17.1 The sacrificial fire of chanting The Lord’s Name (Namayadnya) rather than the routine sacrificial fire (yadnya)
Ultimately all sacrificial fires (yadnyas) get converted into the sacrificial fire of chanting (Namayadnya). The conversion of the routine sacrificial fire into that of chanting The Lord’s Name implies that one has blended with one’s soul principle (atma). If such a seeker does not perform any sacrificial fire it does not matter at all. Since the sacrificial fire of chanting is a manifestation of The Lord, it is termed as superior devotion (parabhakti). Superior devotion is devotion consisting of love akin to that of the wives of the cowherds (gopis) unto The Lord. It is also termed as the non-Vedic spiritual practice of love. That plane is such that, in it non-parabhakti spiritual practice such as a sacrificial fire proves to be an obstacle, a blemish. Also since one is overwhelmed with devotion one has no consciousness of one’s body and blends with the inner Bliss.
17.2 How to recognise progress?
‘A seeker asked, “When doing spiritual practice how can one make out how far away one is from The Lord?” Shri Maharaj replied, “When one sits down to chant, thoughts regarding worldly problems create turmoil in the mind. On the other hand when performing worldly activities if chanting creates a fervour in the mind then one may conclude that one is not far from God.” (5)
17.3 A vision of God
A. A word, touch, form, taste, odour and its energy coexist. Hence if chanting (the word) increases then one gets a vision of God (Sarup Mukti).
‘When a seeker does chanting observing the regulations of the Path of Devotion, irrespective of what Name he chants, he gets a vision of that very deity or incarnation for whom he has intense devotion in his antahkaran. Thus even after completing thirteen crores of chanting of Rama one may get a vision of Datta, Krushna, etc.’(6)
At first, during chanting one gets a vision of God (darshan) during meditation and experiences Bliss. Then, when this yearning becomes intense one gets a vision in a dream and acquires The Lord’s blessings. Later one gets the actual vision in the waking state. The waking state is sattvik (sattva predominant), the dream state is rajasik (raja predominant) and the state of meditation is tamasik (tama predominant) in nature. Hence devotion should get transformed into obtaining the vision of the manifest form (sagun darshan) in the waking state. The meditative state of a seeker is more sattvik than the waking state of an average person. However, in case of a seeker the meditative state which gives the corpse-like experience (mrutavastha) is tamasik in nature as compared to the waking state experienced in the natural state of communion with God (sahajsthiti) which is sattvik in nature.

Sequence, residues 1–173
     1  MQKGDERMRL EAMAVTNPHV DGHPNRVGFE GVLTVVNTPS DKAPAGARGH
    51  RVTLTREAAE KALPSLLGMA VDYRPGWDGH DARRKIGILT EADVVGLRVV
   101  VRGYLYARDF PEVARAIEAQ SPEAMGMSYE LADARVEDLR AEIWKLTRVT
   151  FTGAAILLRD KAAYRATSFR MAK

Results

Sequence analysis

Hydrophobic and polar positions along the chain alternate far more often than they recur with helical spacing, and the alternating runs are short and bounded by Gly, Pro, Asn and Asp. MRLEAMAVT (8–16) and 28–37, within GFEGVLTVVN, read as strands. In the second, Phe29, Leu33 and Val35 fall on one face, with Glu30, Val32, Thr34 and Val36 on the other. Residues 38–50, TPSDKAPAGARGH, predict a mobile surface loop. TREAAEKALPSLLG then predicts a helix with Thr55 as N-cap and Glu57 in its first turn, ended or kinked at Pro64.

B. The qualities (energy) of the deity which has granted a vision (darshan) are imbibed in the seeker.
C. There is a oneness with the deity granting the vision (Sayujya Mukti): If one is a highly evolved seeker then one experiences the unmanifest (nirgun) along with the vision of the manifest that is one’s devotion or mission after Self-realisation (dnyanottar bhakti or karma) commences in its true sense and one starts blending with The Supreme Brahman (Parabrahman).
As long as one experiences the states of waking, dream and deep sleep during chanting, chanting does not occur in its real form as these three states belong to the intellect. Only when these states come to an end through chanting, that is only when one enters the fourth state (turya) which is beyond these three, does one experience that ‘I am Brahman’. This is called the natural state of communion with God (sahajavastha) or Liberation from the cycles of birth and death (jivanmukti).
17.5 Chanting after Liberation (Mukti)
One should chant with the conviction that one will realise God in this very birth. After Self-realisation chanting becomes one’s second nature. It occurs automatically, like respiration. This is termed by Saint Tukaram Maharaj as ‘when there is devotion unto Liberation chanting of the Name of Lord Narayan occurs continuously’.
17.6 According to the mode of speech (vani)
See table ‘Comparison of chanting in the four modes of speech’.
‘Path of Chanting The Lord’s Name (Namasankirtanyoga) and Path of Mantra (Mantrayoga)’, published by Sanatan Sanstha.
Bharatiya Sanskrutikosh. Publishers: Pandit Mahadevshastri Joshi, Secretary, Bharatiya Sanskrutikosh Mandal, 410 Shanivar Peth, Pune 411 030.
Vol. 1 and 2: Second edition Vol. 3 to 10: First edition
3. Vol. 5, Pg. 36
The Teachings of Saint Bhaktaraj Maharaj. Compilers: Dr. Jayant Balaji Athavale and Dr. (Mrs) Kunda Jayant Athavale.
Publisher: Sanatan Bharatiya Sanskruti Sanstha.
1. Pg. 33
2. Pg. 30
4. Pg. 28
5,6. Shri. Brahmachaitanya Maharaj Gondavlekar Yanchi Pravachane. Publisher: R. B. Ghanekar, Secretary: Shri Sadguru Brahmachaitanya Maharaj Gondavlekar (sansthan), Chaitanyopasana, Post Gondavale Budruk 415 509, Taluka Man, District Satara.